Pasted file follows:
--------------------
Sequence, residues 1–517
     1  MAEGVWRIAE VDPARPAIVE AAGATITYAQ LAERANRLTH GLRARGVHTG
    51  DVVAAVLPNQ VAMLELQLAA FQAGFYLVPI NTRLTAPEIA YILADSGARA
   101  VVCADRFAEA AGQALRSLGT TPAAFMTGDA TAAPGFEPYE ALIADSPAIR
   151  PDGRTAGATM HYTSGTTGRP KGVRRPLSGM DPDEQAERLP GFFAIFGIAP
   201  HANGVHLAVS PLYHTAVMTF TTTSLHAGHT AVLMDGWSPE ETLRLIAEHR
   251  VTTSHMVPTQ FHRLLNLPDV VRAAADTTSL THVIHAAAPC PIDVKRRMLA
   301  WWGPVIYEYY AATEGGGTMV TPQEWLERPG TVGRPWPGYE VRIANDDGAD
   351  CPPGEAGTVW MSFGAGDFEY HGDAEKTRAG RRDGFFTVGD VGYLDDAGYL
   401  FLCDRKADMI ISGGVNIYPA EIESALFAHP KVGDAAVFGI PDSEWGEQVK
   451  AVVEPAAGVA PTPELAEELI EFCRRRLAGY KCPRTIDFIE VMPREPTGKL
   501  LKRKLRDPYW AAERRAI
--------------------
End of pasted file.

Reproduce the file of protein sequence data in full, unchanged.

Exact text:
Sequence, residues 1–517
     1  MAEGVWRIAE VDPARPAIVE AAGATITYAQ LAERANRLTH GLRARGVHTG
    51  DVVAAVLPNQ VAMLELQLAA FQAGFYLVPI NTRLTAPEIA YILADSGARA
   101  VVCADRFAEA AGQALRSLGT TPAAFMTGDA TAAPGFEPYE ALIADSPAIR
   151  PDGRTAGATM HYTSGTTGRP KGVRRPLSGM DPDEQAERLP GFFAIFGIAP
   201  HANGVHLAVS PLYHTAVMTF TTTSLHAGHT AVLMDGWSPE ETLRLIAEHR
   251  VTTSHMVPTQ FHRLLNLPDV VRAAADTTSL THVIHAAAPC PIDVKRRMLA
   301  WWGPVIYEYY AATEGGGTMV TPQEWLERPG TVGRPWPGYE VRIANDDGAD
   351  CPPGEAGTVW MSFGAGDFEY HGDAEKTRAG RRDGFFTVGD VGYLDDAGYL
   401  FLCDRKADMI ISGGVNIYPA EIESALFAHP KVGDAAVFGI PDSEWGEQVK
   451  AVVEPAAGVA PTPELAEELI EFCRRRLAGY KCPRTIDFIE VMPREPTGKL
   501  LKRKLRDPYW AAERRAI